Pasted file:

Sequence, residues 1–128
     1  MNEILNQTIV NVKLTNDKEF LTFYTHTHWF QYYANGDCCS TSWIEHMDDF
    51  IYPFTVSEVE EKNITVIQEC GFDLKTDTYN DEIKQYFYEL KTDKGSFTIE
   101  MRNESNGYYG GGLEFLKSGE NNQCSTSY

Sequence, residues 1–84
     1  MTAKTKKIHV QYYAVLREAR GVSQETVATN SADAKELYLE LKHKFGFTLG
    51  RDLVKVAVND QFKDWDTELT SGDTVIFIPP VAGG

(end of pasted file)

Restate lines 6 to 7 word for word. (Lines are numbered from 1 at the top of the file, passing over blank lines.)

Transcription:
     1  MTAKTKKIHV QYYAVLREAR GVSQETVATN SADAKELYLE LKHKFGFTLG
    51  RDLVKVAVND QFKDWDTELT SGDTVIFIPP VAGG